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El Salvador Mission Trip in the Episcopal Times

The Summer 2007 Episcopal Times, published by the Episcopal Diocese of Massachusetts, included an article on the El Salvador mission trip that Paul Pyzowski participated in. The complete article can be found here. A portion of the article can be read below.

New leaders get mission-trip ready and set to go

“Medical supplies, sunscreen, serious bug dope!”

These were some of the things Dianne Smith was packing for a June mission trip to El Salvador. She said the most important equipment she was taking, though, was not on her list: it had to do with her faith and life experience so far and some recent training that’s helped shape it into a mission-ready perspective.

A grandmother of five and a parish nurse active for 35 years in almost every way imaginable at St. Andrew’s Church in Edgartown, Smith describes herself as “quietly passionate about many things.”

“In recent years, I have been fortunate to be able to travel a little, but, no, I have never had a mission trip experience,” she said. “The opportunity to join this mission team felt like an absolute miracle. Probably all of my life prepared me for that immediate ‘Yes!’”

A fellow traveler is Paul Pyzowski. The father of two young children, he is a biotech executive who joined the Episcopal Church soon after moving to Massachusetts seven years ago and is currently the junior warden at St. Mary’s Church in Newton Lower Falls. Though he has what he describes as “significant international experience,” having lived in Japan and Switzerland and traveled in India, China and Indonesia, he, like Dianne Smith, has no prior mission trip experience.

But their different journeys have brought them to a common place: both are part of a group putting themselves forward for service through a newly developed diocesan mission leadership training program. The program aims to create a wider-spread pool of trained leaders who can share experience and expertise with congregations considering or planning service travel.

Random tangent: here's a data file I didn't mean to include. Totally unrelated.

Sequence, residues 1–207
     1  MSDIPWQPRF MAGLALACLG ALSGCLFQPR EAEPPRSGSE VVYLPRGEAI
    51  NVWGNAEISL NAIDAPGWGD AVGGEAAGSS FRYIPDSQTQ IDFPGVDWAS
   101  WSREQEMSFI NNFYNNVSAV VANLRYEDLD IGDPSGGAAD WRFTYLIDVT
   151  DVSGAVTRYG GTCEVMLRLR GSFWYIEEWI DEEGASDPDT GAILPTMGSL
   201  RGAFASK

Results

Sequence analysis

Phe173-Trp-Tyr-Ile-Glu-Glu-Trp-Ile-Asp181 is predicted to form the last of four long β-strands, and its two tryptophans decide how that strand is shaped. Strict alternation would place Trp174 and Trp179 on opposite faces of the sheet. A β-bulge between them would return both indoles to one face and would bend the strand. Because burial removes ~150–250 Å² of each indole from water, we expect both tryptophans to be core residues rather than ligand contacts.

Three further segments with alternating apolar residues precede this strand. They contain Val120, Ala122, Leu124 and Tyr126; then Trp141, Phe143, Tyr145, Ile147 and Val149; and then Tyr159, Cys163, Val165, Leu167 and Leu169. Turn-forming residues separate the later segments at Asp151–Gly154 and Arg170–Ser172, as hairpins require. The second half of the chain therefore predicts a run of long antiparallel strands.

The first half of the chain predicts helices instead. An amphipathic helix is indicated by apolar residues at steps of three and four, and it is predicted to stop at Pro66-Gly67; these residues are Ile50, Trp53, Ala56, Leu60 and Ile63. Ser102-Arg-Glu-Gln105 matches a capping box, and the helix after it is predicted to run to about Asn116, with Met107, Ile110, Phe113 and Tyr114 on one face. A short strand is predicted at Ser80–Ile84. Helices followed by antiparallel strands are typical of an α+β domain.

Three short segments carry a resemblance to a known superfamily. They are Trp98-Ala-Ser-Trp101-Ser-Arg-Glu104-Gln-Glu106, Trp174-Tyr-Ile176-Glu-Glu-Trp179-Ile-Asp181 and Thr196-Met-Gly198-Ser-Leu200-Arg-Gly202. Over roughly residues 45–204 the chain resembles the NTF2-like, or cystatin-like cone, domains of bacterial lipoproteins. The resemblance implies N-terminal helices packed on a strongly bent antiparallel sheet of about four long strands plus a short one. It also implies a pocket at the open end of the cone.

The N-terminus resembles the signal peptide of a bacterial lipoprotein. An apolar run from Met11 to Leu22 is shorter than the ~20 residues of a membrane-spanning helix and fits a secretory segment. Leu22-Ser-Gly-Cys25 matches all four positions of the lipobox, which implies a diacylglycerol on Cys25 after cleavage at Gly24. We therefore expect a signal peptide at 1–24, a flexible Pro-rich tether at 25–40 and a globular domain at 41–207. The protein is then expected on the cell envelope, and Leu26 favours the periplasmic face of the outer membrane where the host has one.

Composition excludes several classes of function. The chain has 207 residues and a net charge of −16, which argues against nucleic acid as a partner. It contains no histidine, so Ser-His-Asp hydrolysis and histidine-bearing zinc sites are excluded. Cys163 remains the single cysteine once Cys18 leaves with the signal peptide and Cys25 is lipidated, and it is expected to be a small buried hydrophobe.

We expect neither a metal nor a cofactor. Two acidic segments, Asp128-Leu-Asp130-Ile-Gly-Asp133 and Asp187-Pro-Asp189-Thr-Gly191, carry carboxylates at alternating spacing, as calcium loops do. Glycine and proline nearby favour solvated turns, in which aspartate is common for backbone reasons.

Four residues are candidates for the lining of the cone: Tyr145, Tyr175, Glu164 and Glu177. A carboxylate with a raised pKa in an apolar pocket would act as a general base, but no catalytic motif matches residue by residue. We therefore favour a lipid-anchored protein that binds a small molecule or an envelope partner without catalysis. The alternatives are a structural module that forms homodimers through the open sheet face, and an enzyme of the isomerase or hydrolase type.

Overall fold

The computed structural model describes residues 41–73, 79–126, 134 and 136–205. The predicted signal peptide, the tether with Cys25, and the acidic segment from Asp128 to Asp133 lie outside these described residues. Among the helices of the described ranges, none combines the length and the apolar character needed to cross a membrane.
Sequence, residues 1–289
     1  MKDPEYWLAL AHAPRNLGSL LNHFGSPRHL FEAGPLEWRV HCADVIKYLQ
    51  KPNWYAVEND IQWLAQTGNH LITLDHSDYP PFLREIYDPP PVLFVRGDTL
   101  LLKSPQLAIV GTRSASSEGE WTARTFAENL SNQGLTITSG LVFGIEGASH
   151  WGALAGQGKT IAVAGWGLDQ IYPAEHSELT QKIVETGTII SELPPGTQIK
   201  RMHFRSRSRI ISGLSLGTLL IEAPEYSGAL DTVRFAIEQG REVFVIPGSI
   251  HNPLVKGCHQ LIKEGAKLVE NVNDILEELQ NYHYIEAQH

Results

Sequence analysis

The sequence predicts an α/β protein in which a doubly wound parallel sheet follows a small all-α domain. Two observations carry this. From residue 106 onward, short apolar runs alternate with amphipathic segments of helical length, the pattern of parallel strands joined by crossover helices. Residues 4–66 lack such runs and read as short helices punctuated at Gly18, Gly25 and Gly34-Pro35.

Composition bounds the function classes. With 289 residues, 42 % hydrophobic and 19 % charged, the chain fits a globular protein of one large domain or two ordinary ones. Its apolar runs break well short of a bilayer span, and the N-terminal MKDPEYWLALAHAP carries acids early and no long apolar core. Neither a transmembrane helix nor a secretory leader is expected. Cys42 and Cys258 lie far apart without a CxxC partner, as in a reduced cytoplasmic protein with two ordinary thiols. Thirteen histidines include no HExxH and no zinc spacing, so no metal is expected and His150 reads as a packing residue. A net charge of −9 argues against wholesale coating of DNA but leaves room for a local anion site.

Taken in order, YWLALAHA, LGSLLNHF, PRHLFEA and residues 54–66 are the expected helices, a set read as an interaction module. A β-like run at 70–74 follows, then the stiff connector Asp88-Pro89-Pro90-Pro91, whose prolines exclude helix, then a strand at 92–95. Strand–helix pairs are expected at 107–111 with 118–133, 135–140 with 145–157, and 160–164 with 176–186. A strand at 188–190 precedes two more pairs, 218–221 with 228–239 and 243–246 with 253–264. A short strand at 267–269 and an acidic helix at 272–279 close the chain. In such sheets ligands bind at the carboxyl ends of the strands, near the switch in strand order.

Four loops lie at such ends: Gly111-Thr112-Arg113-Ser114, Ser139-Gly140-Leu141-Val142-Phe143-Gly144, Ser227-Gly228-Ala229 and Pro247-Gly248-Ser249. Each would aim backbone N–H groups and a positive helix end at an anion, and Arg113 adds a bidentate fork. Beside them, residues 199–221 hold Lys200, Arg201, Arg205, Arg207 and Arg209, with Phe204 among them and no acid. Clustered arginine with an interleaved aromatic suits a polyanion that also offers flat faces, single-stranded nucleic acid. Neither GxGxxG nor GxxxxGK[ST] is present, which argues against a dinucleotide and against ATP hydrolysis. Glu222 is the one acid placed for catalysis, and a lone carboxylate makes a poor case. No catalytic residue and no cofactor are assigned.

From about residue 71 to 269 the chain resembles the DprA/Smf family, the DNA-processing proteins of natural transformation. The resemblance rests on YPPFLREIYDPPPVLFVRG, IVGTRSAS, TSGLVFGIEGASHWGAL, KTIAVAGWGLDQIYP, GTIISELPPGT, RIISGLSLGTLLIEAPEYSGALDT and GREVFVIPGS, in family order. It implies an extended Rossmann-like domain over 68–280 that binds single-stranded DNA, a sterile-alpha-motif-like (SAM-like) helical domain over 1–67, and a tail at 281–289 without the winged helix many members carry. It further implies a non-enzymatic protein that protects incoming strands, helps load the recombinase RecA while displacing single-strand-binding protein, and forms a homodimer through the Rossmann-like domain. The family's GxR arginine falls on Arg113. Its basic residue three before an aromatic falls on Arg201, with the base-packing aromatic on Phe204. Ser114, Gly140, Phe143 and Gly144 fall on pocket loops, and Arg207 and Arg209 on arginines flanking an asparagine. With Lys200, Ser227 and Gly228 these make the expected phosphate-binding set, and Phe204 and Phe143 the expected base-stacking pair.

Having completed the training—nine monthly meetings, two hours each—10 people made the June trip to El Salvador (a second team also completed the training but has had to postpone its planned mission to Tanzania).

The group worked on a road repair project and visited Jiquilisco, in the country’s southeast, to learn about hurricane and earthquake devastation and Episcopal Relief and Development projects there. They also worshiped in different churches and spent time with local clergy and lay leaders, sharing experiences of church life.

“Unlike other mission trips where attention is focused on one specific community for purposes of developing a close relationship, our itinerary exposed the team to a range of projects and experiences in El Salvador,” explained the Rev. Ted Gaiser, a deacon and coordinator of global mission partnerships, which are part of current diocesan mission strategy. He and the Rev. Mark McKone-Sweet, Curate at St. Paul’s Church in Natick— both experienced mission trip leaders—accompanied the group to El Salvador.

“Every mission team is unique. Our group is no exception. We all have experienced time of doubt, fear and anxiety—questioning God’s call and why we need to be part of this team, questioning our physical body’s capacity, questioning whether we have time for this,” McKone-Sweet said.

The group experience built into the training model made all the difference, according to Dianne Smith.

“It was not easy for any of us to carve out that amount of time and to travel some distance,” Smith said, “but the gatherings were invaluable in terms of both content and process. We haven’t even gotten to the airport, but already I wish every Episcopalian could have a similar experience.”

Pyzowski said he hoped to bring back kindling to spark his parish’s dormant relationship with a sister parish in El Salvador, St. Mary’s in San Bartolo.

Smith said she viewed the whole experience—training and travel—as an invitation: “I go with one expectation only: that we will learn a great deal from our Salvadoran friends.

“Hasta la vista!”

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